01 Dec 2021

How the unveiling of a Kilkenny war memorial led to incredible family reconnection

Mysteries, discoveries, and two sides of a local family finding one another after 80 years


A salute as Kilkenny's WWI memorial is unveiled in October. Picture: Vicky Comerford

As if the story of Thomas Woodgate — the 14-year-old from Callan, Kilkenny who fooled recruiters to join the Irish World War I effort in 1918 — was not extraordinary enough, a century later, more twists in the tale are still being revealed.

When a memorial to Woodgate was unveiled in Kilkenny this year, those involved in making it a reality could hardly have envisaged what would follow. In the weeks since, it has lead to the solving of a family mystery, to the location of a lost grave, and resulted in two sides of a family — who until now didn’t know the other existed — establishing contact more than 80 years after three young siblings were split up.

Thomas Joseph Woodgate was born on December 31, 1903 in Mill Street, Callan, one of Edward Woodgate and Hanora Lannen’s children. In 1918, the 14-year-old became the youngest known Irish military casualty of WWI; he died when the RMS Leinster was torpedoed off the coast of Dun Laoghaire.

On October 11 this year, the new memorial was unveiled in Kilkenny City to honour him and all the young Irishmen and boys who perished in the conflict. Rte cameras and correspondent Conor Kane were on hand to cover the ceremony.

That same evening, around 100 miles away, living in Limerick, Brian Cronin had just sat down to catch up on the SixOne headlines as they flashed past on the television.

“What caught my attention was the name Thomas Joseph Woodgate. I knew my mother’s mother was a Woodgate from Kilkenny,” Brian told the Kilkenny People.

“I have five brothers, and of the six of us, my mother used to say to me growing up as a kid that I looked like the Woodgates.
“Then I saw Joan Bryan being interviewed, and the minute I saw her, I said ‘oh my god – that could be my mother’s sister.”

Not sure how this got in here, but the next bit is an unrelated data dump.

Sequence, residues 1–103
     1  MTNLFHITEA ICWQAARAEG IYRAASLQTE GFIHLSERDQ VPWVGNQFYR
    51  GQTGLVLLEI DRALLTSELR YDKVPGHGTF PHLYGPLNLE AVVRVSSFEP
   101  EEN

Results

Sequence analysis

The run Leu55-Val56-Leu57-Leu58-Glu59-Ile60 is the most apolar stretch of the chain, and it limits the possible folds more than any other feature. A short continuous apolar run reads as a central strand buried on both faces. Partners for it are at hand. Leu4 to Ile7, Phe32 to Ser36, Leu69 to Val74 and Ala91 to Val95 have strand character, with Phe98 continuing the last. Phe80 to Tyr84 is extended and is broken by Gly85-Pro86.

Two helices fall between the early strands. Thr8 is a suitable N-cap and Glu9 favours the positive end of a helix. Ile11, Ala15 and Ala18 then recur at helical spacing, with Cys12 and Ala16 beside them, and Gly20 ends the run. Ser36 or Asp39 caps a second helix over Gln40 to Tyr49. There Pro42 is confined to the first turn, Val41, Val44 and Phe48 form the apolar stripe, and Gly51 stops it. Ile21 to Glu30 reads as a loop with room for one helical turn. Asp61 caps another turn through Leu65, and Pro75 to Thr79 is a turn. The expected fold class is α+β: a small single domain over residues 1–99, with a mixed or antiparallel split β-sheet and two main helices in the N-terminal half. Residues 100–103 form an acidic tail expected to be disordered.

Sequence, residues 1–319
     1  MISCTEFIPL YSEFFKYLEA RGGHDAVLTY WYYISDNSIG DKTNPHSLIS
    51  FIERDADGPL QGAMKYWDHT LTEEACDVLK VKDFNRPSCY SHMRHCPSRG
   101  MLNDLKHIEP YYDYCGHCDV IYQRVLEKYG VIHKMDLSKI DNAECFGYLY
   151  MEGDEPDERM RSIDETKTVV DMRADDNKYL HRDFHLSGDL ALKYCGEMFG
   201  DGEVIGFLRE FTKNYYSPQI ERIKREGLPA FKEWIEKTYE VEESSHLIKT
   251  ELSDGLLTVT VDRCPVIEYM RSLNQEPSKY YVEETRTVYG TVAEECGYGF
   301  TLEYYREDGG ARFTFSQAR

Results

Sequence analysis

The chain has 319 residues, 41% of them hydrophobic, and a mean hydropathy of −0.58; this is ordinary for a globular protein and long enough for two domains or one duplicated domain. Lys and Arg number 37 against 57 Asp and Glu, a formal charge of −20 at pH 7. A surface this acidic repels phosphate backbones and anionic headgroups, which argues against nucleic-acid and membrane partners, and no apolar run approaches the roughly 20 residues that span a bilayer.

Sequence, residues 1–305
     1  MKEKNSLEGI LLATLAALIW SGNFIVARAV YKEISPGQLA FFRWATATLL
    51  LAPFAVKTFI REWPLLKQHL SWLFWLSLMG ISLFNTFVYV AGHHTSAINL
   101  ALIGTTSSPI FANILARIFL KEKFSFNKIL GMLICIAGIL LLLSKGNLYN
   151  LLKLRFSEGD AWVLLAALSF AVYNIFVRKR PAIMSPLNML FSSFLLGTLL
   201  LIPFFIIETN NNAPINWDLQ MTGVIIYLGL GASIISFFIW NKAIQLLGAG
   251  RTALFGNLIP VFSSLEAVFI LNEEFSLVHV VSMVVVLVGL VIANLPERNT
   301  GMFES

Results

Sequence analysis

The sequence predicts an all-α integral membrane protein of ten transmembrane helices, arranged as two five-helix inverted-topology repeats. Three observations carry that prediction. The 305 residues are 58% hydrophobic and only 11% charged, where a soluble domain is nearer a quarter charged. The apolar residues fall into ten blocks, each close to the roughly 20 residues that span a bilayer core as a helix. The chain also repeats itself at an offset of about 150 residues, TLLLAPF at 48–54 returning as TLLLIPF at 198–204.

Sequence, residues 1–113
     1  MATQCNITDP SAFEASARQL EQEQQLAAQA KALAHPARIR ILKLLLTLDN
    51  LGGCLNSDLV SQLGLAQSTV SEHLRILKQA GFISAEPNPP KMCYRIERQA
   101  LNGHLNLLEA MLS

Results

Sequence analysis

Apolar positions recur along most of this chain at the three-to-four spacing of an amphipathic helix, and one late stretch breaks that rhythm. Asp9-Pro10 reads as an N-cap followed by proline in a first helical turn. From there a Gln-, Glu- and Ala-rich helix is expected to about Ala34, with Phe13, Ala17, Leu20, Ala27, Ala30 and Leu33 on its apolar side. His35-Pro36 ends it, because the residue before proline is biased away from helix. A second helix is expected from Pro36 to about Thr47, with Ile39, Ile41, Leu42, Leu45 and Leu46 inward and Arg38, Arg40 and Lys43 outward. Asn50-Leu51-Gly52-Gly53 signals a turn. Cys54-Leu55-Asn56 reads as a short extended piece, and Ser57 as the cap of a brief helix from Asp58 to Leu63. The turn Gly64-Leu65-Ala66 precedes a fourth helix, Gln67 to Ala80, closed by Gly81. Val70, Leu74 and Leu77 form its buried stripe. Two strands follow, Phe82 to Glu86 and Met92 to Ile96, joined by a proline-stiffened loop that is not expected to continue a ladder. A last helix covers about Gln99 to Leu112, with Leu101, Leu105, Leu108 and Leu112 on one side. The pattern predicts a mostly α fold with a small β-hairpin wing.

Joan, who lives in Callan, was present at the unveiling as she is the grandniece of Thomas Woodgate. Her grandfather was Martin Woodgate, Thomas’ older brother.

Family members of Thomas J Woodgate: Joan Bryan (grand niece of Thomas Woodgate), Gary Woodgate (nephew of Thomas Woodgate) and William Woodgate at the unveiling ceremony in October. They were spotted on the RTE News by the Cronin family, who turned out to be related 

Brian rang his eldest brother, Ger, and told him to watch a repeat of the news on Rte Plus 1 at 7pm. It didn’t take long for Ger to ring him straight back, instantly making the same recognition and connecting the same dots as his brother.

"There is a good likeness, and he said to me we have to be related,” says Brian. “I said I had no doubt in my mind’.”
First thing next morning, Ger got in touch with the editor of the Kilkenny People, who pointed him in the direction of Donal Croghan, chair of the Kilkenny Great War Memorial Committee.

Donal was able to provide further information, and also link him up with Johnston Funeral Directors and Joan Bryan. As well as discovering they were grand-nephews of Thomas Woodgate, 48 hours later, they had a wealth of information, filling in gaps in the family tree they were never expecting.

There are six Cronin brothers. As well as Ger and Brian, there’s Tom, Leo, Anthony and Michael. Their mother, Mary Cronin (neé Meehan), only passed away in 2019 at the age of 93. They knew very little of Kilkenny and about their mother’s history, other than the fact that she was born and reared in Kilkenny City.

Eldest brother Ger has been working on the family tree for years on both sides, but got stuck on the Meehan side because their mother had very little memory of her family as a little girl.

“We were trying to work off the Census — the 1911 one is the only available to you,” says Brian.

“We kind of got stuck there, until the unveiling of this memorial. It was like the key to Pandora’s Box.”

Brian established contact with Joan Bryan, and was able to learn more about the Woodgate family and its history. Between the chat with their newfound relative and a reinvigorated passion to learn the whole story, the Cronins delved deeper. Armed with the new information, they contacted local authorities and trawled the National Archives. The gaps in the story began to fill. In many ways, it is a tragic one.

Their grandmother, whose name was Mary Woodgate, was a sister of the young war casualty, Thomas Woodgate. A few years after his death, Mary married Michael Meehan, from Kilkenny, in January 1923. The couple had a son, Edward, and two daughters, Mary and Breeda. In 1934, another baby was on the way.

Michael Meehan (standing), Mary Meehan (neé Woodgate) and their children, from left: Mary, Edward and Breeda. The picture is thought to have been taken around 1930-31 and later given to young Mary before she left Kilkenny

This is where the family’s next tragedy begins. The baby was born in June 1934. At the time, the tuberculosis epidemic was rampant.